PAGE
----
Paralegals who are sometimes called legal assistants work in the field of law assisting attorneys. They help attorneys prepare legal documents get ready for trials and schedule witnesses for depositions. In addition an important part of their job is conducting research often searching legal journals for precedent that is based on past cases and then preparing case notes and reports for the attorney. The specific nature of the tasks they perform depends on the agency or type of lawyer or law firm for whom they work. For example those working for real estate lawyers will likely be responsible for different tasks and specialized knowledge than will those working for corporate or personal injury lawyers or those employed by the federal government or state governments. In general paralegals do much of the work that full-fledged lawyers do. However they are not allowed to give legal advice nor are they permitted to argue cases in court. Nowadays employers expect paralegals to be familiar with computers and with how to use online databases because they must be able to search the internet for information on legal cases. Depending upon where they work paralegals can be under extreme pressure to meet deadlines and especially with important high-profile cases they may have to work overtime to make sure all documents are in order. Paralegals have associate’s degrees from community colleges usually in paralegal studies. However some paralegals have bachelor’s degrees and then get training to become certified as paralegals. According to the U.S. Bureau of Labor Statistics paralegals earn average annual salaries of approximately $54000. However once they have experience and have developed their skills paralegals can earn considerably more.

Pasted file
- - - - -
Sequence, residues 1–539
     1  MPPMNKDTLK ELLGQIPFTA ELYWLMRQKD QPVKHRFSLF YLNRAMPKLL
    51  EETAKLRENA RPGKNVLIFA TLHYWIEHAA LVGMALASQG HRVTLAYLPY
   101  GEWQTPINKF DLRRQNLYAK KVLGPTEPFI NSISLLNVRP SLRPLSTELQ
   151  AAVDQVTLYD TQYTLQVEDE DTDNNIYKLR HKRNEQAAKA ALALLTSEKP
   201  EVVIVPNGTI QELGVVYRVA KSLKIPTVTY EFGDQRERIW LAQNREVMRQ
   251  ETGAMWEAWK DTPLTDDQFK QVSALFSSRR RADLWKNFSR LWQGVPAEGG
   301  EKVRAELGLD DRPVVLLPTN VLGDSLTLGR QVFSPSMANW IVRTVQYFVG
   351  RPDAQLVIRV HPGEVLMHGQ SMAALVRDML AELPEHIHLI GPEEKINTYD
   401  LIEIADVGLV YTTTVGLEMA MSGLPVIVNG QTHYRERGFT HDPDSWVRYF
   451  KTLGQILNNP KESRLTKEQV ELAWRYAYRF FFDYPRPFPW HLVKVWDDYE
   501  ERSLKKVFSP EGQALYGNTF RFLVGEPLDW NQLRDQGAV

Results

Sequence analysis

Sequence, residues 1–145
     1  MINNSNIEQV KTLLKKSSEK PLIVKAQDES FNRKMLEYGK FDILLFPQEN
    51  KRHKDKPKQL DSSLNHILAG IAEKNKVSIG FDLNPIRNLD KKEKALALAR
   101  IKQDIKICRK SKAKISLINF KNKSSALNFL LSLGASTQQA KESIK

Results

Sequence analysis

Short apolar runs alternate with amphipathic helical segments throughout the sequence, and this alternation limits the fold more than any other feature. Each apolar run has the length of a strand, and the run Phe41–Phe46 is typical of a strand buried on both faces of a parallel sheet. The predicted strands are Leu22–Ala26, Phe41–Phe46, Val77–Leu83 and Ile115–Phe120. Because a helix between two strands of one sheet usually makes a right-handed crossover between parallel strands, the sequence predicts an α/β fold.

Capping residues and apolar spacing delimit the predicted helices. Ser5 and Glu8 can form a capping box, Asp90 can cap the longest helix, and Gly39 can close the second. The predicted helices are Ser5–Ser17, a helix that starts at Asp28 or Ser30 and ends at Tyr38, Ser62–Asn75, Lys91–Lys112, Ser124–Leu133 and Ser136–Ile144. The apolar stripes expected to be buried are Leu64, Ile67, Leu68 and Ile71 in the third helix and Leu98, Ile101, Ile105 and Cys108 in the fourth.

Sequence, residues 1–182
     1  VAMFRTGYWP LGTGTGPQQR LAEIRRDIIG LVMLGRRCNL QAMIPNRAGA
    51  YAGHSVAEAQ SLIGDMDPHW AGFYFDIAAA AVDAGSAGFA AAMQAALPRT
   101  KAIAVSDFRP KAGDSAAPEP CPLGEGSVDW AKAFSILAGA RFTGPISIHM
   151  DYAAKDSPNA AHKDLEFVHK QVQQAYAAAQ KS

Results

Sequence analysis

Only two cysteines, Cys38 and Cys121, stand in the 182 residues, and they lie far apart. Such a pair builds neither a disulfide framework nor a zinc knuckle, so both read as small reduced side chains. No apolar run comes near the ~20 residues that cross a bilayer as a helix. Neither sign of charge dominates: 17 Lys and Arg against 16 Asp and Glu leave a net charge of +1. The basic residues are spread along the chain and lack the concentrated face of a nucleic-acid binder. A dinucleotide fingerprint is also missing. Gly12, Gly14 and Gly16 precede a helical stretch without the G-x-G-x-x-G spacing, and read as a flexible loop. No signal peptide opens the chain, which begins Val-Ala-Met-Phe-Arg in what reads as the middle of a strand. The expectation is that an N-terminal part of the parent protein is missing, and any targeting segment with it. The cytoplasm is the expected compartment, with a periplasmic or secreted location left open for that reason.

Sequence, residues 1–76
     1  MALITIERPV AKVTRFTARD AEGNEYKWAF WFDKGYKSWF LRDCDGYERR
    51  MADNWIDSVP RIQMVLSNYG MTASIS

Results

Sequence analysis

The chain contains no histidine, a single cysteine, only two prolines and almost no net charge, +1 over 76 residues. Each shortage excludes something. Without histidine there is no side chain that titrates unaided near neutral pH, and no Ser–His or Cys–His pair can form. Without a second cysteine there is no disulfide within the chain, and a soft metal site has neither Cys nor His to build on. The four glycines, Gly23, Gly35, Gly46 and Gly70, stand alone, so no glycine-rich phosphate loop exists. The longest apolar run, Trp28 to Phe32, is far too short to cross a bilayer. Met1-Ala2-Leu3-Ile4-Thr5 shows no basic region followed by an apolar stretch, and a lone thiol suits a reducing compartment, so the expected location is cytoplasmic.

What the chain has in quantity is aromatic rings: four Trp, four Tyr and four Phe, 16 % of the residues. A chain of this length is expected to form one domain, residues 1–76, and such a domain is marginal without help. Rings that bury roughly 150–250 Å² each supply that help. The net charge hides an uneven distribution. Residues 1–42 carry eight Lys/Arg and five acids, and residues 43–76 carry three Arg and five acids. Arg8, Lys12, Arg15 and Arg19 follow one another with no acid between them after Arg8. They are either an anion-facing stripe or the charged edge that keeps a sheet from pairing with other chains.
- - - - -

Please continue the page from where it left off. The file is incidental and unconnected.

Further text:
|Education Required:||Associate's Degree|
|Tasks:||Assists lawyers in preparing for trials.
Completes legal office work.
Prepares legal documents.
Tracks legal files.
|Also Called:||Legal Assistant
Law Office Administrator